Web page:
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Rebbe Mordechai of Chernobyl: Chasidic Alcohol Consumption

Rebbe Mordechai Twersky of Chernobyl was the son of Rebbe Menachem Nachum of Chernobyl. When he had to choose a surname, he chose the name Twersky, after the name of the city of Tiberias in the Land of Israel, where Rebbe Menachem Mendel of Vitebsk had settled with his chasidim. While his illustrious father lived in poverty, Rebbe Mordechai served God with great wealth. Nonetheless, he would eat very little and had practically no enjoyment from material goods. Rebbe Mordechai had 8 sons, all of whom became influential chassidic rebbes. Before his passing, Rebbe Mordechai prepared his burial place in Anatevka. He explained that there were no churches there, and hence the sound of the church bells would not disturb his rest. He passed away in Kiev on 20 Iyar, 5597 (1837) and was buried in Anatevka, Ukraine.

Rebbe Nachum of Chernobyl was an elder disciple of the Maggid of Mezritch. He had also seen the Ba’al Shem Tov and was a very close friend of the Alter Rebbe of Chabad. His son and eventual successor was Rebbe Mordechai of Chernobyl.

Once when Rebbe Mordechai was a young Torah scholar, he became ill. The expert doctors ordered him not to immerse himself in the mikveh, which they feared would be most harmful to his health. Rebbe Mordechai’s father, Rebbe Nachum, was very concerned about him. Even though immersion in a mikveh is a lofty facet of chasidic life, Rebbe Nachum would not allow his son to immerse.

Once, Rebbe Nachum heard that his son, Rebbe Mordechai had indeed immersed. He was upset and asked, “How could you do this?” Rebbe Mordechai answered that the local pharmacist, who also understands medicine, told him that he had it on good faith from the Ba’al Shem Tov that one, single immersion would not harm a person’s health.

Hearing this, Rebbe Nachum was angered. Who better than he knew what the Ba’al Shem Tov had promised regarding a single immersion? And yet, despite what the Ba’al Shem Tov had said, he, Rebbe Nachum had sided with the doctors that his son should not immerse in the mikveh at all!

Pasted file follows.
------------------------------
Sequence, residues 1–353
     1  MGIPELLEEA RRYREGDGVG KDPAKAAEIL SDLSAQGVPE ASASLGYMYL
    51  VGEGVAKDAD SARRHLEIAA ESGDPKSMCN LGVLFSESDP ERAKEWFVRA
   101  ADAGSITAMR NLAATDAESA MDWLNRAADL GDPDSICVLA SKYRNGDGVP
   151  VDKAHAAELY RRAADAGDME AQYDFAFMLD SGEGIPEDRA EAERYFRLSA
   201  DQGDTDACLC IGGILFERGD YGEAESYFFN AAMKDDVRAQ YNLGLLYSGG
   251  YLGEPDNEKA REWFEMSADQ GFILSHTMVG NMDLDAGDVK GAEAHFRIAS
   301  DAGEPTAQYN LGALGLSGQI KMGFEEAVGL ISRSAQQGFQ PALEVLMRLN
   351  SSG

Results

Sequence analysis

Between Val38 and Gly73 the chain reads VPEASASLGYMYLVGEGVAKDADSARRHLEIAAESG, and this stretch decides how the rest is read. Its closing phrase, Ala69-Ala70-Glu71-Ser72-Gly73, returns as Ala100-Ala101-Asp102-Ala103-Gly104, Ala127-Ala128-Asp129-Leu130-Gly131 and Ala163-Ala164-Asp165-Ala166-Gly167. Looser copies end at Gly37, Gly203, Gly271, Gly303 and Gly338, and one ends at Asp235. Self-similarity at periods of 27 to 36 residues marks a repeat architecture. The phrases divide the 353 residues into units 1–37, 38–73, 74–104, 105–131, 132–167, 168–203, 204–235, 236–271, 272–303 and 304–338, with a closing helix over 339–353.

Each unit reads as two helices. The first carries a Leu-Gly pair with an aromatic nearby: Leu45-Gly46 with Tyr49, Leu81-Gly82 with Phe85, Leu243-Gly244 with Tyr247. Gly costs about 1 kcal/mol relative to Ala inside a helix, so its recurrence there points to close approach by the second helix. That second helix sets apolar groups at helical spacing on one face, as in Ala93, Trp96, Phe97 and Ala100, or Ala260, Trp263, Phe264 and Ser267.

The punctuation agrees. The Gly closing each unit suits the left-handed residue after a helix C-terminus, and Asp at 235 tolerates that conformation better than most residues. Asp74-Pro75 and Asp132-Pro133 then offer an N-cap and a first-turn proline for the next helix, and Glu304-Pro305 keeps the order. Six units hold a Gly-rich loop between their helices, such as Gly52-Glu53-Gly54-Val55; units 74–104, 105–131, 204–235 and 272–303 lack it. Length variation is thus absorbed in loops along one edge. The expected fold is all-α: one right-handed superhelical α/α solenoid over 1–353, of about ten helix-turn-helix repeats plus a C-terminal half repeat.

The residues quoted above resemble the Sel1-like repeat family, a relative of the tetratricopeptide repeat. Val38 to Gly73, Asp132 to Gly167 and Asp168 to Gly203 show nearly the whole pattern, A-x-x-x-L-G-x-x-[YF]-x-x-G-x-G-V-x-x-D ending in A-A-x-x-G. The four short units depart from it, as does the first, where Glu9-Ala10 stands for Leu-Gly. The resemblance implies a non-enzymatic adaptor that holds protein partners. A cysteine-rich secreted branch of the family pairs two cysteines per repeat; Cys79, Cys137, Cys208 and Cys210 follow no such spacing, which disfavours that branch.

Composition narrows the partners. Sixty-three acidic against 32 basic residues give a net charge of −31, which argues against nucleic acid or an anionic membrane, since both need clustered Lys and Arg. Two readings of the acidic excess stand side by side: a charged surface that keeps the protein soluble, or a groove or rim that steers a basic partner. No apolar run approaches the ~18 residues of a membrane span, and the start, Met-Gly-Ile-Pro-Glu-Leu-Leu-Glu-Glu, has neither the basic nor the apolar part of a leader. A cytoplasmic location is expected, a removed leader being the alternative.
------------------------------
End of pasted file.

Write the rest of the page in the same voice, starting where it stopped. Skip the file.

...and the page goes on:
So, Rebbe Nachum went to the pharmacist and asked him, “You have the presumption to tell me what the Ba’al Shem Tov said!?”

The pharmacist—a simple Jew addressing a great rebbe—answered, “With your permission, I will tell you a story. Once, many years ago [the pharmacist was also an old man] a disciple of the Ba’al Shem Tov was a guest in my home. I saw with my very own eyes that on Yom Kippur eve, he drank an entire bottle of ethanol [190 proof] at breakfast. An entire bottle! Later, at the final meal before the commencement of the fast, I saw him drink another full bottle of ethanol! I was absolutely certain that this Jew would fall on his face and sleep the entire holy day away. To my amazement, I saw that he was leading the prayers. I watched him closely and I saw that during the entire 26-hour period of Yom Kippur, he stood there with great devotion to God on that holy day.”

“After I saw that,” the pharmacist continued, “it was engraved on my heart that one can rely on this person’s rebbe, the Ba’al Shem Tov. Hence, I told your son that immersing himself one time in the mikveh will not harm him, regardless of what the doctors said.”

Rebbe Nachum was moved by the pharmacist’s answer and his sincere faith, and thank God, Rebbe Mordechai indeed regained his health.

As the pharmacist—who certainly understood the effect of alcohol on the body—saw, the Ba’al Shem Tov’s disciple displayed a revealed miracle. The Ba’al Shem Tov, and his disciples who were empowered by him, drank alcohol in a manner completely different from what we know, with imbibing and sobriety above what is naturally to be expected. Relating to this ability, the Ba’al Shem Tov once said regarding the saying of the sages, “Strong fear—wine dissipates it,”[1] that the reverse statement is also true; the strongest wine can be dissipated when the person who drank it feels the fear of God. In our generation, as well, a similar phenomenon was seen with the Lubavitcher Rebbe. After he drank large amounts of alcohol and began to show signs of it, he would pass his hand over his face and in one second all the effects of the alcohol would be gone.

A Positive Form of Intoxication